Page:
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The Man, The Myth, The Truth Peter Lemesurier
Key to Unlock a (Fabricated) Misunderstanding,
By Jeff farrow
A couple of years ago I decided not to review
any books that were tagged "New Age." The reason was that I no longer
believed that "New Age" signified anything more than a buzzword
and/or commercial fiction. In addition to this, I just found the material,
Nonetheless, with the 2012 hoopla & the descent of The History & Discovery Channels into providing an uncritical platform for New Age fantasy, I felt a need to address the issue of Nostradamus. I had recently seen The History Channel had a 2-hr "Special" on the "discovery" of a NEW Nostradamus PICTURE book! So when I received a promo to review NOSTRADAMUS Bibliomancer, etc. I readily agreed.
I had glanced at the author's profile just long enough to see that he (Peter Lemesurier) had been involved in the TV show noted above. Frankly I must have missed his segment (I multi-task while "watching" TV), but I've seen enough Nostradamus' "Specials" as to have had pretty good notion what to expect: Another self-serving author or pundit with a predilection for gab--and me with sharp critical daggers at the ready.
I was in for a very pleasant surprise--and set the daggers down.
While it's true that Lemesurier is one of the foremost Nostradamus scholars around, his goal in the present work is not to inflate the French Seer into an even higher sphere of make-believe, it was to bring his subject back down to earth. An anti-Nostradamus as it were, certainly from a non-fictional point of view.
The main theme of the book is to explain the "prophecies" of the alleged "Doctor" as being the result of bibliomancy--as opposed to astrology or other more exotic forms of divination. What's the difference? As the author explains, bibliomancy is a method to shine light on an issue by opening a sacred scripture & finding enlightenment therein. Some people may use the Bible, some the Koran, and others the I-Ching.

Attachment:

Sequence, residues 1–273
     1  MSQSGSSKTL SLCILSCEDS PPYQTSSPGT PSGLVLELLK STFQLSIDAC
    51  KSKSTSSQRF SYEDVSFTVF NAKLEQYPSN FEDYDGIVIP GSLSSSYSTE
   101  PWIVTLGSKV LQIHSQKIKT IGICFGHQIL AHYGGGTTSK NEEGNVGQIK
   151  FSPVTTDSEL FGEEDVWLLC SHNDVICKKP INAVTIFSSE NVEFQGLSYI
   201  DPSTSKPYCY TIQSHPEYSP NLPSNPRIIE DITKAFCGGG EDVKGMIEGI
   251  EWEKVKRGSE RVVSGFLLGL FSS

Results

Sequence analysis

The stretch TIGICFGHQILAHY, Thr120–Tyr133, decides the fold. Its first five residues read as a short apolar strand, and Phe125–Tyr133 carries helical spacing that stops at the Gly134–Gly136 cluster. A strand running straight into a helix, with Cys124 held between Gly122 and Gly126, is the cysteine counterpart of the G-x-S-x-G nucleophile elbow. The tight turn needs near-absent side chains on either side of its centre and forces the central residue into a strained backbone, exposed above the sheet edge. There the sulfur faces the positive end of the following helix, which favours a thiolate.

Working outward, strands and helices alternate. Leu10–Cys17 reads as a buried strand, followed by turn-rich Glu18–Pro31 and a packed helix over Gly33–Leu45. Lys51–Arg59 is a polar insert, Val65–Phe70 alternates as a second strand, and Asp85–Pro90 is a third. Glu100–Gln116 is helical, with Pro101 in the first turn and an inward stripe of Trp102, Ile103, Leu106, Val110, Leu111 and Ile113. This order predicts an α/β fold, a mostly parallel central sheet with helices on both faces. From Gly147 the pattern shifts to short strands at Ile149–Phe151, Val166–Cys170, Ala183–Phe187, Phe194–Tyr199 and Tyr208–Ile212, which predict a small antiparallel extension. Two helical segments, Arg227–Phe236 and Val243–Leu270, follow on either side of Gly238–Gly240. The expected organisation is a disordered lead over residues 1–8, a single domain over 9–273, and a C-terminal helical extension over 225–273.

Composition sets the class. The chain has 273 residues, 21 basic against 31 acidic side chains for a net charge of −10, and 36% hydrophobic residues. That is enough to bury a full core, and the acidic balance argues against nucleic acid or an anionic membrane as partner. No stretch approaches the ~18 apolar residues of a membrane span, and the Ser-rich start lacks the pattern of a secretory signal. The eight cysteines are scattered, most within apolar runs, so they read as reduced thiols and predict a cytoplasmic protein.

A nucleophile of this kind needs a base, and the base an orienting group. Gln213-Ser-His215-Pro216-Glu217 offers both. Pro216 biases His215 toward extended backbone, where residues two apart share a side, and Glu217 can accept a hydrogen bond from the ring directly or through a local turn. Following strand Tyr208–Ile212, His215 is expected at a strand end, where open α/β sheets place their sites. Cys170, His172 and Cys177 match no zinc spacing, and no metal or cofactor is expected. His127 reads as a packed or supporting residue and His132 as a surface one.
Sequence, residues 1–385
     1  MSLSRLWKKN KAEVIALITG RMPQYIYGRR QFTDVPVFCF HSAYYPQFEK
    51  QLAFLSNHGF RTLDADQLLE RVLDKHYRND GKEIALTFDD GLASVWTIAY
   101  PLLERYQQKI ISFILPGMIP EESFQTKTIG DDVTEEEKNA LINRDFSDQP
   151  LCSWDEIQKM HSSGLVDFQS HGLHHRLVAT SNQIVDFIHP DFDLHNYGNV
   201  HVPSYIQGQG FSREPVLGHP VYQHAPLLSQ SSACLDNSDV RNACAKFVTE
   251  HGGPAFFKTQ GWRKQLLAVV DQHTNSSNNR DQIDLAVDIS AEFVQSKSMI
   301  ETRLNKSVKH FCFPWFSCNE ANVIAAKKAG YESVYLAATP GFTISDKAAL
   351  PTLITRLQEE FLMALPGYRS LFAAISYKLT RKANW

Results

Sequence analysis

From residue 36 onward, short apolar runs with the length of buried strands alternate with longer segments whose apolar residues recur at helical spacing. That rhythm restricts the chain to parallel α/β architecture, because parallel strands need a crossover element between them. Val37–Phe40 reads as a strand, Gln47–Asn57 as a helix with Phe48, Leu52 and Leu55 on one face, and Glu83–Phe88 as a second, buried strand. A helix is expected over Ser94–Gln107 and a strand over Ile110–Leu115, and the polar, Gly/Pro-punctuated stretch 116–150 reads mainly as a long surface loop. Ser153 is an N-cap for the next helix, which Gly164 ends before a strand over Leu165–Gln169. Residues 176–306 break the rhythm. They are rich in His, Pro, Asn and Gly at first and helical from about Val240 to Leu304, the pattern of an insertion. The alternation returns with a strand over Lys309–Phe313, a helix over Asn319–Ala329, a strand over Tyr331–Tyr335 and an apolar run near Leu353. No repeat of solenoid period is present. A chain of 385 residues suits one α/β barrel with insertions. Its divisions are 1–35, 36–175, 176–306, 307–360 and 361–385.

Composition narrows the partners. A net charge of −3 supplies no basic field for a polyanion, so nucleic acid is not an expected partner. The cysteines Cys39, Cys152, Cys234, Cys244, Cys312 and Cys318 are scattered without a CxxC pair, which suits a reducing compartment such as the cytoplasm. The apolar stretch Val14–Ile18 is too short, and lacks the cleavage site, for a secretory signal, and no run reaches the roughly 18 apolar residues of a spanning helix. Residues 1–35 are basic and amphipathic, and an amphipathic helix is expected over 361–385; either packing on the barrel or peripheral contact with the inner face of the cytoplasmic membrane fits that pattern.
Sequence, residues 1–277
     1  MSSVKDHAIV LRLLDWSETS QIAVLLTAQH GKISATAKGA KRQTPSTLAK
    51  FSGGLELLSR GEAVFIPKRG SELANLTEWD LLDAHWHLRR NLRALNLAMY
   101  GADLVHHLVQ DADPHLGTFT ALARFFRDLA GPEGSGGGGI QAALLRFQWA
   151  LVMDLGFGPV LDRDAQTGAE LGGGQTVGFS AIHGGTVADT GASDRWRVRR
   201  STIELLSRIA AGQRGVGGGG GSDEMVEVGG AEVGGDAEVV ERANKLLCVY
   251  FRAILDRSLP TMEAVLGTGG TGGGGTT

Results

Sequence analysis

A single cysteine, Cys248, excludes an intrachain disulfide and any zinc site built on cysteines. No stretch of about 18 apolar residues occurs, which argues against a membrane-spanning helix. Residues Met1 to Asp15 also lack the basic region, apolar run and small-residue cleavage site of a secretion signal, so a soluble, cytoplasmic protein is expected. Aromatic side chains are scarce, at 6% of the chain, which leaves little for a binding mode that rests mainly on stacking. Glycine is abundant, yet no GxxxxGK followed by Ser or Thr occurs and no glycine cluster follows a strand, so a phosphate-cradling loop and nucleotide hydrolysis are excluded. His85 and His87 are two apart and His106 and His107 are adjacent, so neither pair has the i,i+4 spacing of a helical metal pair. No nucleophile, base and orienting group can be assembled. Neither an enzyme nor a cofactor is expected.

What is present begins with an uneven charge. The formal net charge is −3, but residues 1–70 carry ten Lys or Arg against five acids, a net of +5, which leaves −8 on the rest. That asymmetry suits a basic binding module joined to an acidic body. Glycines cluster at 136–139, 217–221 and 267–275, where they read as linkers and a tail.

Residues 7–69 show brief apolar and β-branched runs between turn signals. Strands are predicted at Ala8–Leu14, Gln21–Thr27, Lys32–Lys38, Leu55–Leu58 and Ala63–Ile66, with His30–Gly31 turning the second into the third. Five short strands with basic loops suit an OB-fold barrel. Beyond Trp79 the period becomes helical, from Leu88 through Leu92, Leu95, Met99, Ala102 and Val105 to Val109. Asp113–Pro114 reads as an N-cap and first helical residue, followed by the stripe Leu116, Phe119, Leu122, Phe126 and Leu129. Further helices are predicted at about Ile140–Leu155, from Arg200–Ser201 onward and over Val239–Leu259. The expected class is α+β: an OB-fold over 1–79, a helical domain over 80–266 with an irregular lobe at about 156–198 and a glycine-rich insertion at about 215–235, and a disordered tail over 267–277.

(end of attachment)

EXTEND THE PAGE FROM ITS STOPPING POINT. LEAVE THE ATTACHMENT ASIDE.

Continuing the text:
By comparing the events & images found in the verses of Nostradamus to publications extant in his time & readily accessible to him, Lemesurier demonstrates that his verses, far from being original, refer to events contemporary to his own time or the immediate future--NOT our present. In other words, he predicted events that had already happened, or were bound to happen in the NEAR future
If the prophecies were meant for a far, distant future, people in Nostradamus' time wouldn't have been interested in buying his books. They wanted predictions & they wanted them now! They weren't interested in events centuries ahead. Nostradamus gave the people what they wanted & he was very successful at it. He wasn't concerned with the distant future, but with his financial present. It's like this, would Sylvia Browne have hit the "psychic" big time if her predictions were meant for 2513?
Likewise Peter Lemesurier systematically debunks other fictionalized claims & legends surrounding Nostradamus. He does this in the same methodical way he treats the so-called "prophecies." He does this in a scholarly manner, yes, but utilizing a readily accessible style of writing to communicate his very lucid knowledge of his subject. The book is a pleasure to read & even entertaining (a BIG plus in my book).
As if that weren't enough, there is a CD enclosed with NOSTRADAMUS that is comprised of Photostats exhibiting 7 original main Nostradamus editions published between 1555 and conclude in 1668. This is a vital series of documents that go to bolster Lemesurier's thesis that the predictions had nothing to do with events in the 20th or 21st centuries--and even earlier. The various books and their total pages are navigation friendly.
The entire "packaging of Nostradamus" as clearly critiqued in Lemesurieur's informative little masterpiece reminds me of that parlor game where you have a group of people sitting in a circle. The first person is handed a piece of paper on which a key phrase has been scribed. Then that person whispers it to the next person, then that person to another, etc. By the time the phrase goes all around the circle, the final person says the phrase out loud--and by then it generally has nothing to do with what was initially written on the paper for the first person to repeat.
By a similar process as applied through the centuries, we are presented strange images from the past that today--while possibly interesting from an artistic point of view--are mostly nonsensical and/or irrelevant when presented as prophetic fact.
I really encourage people who "believe" in Nostradamus to suspend their prejudice & read this book.
Truth will set us free.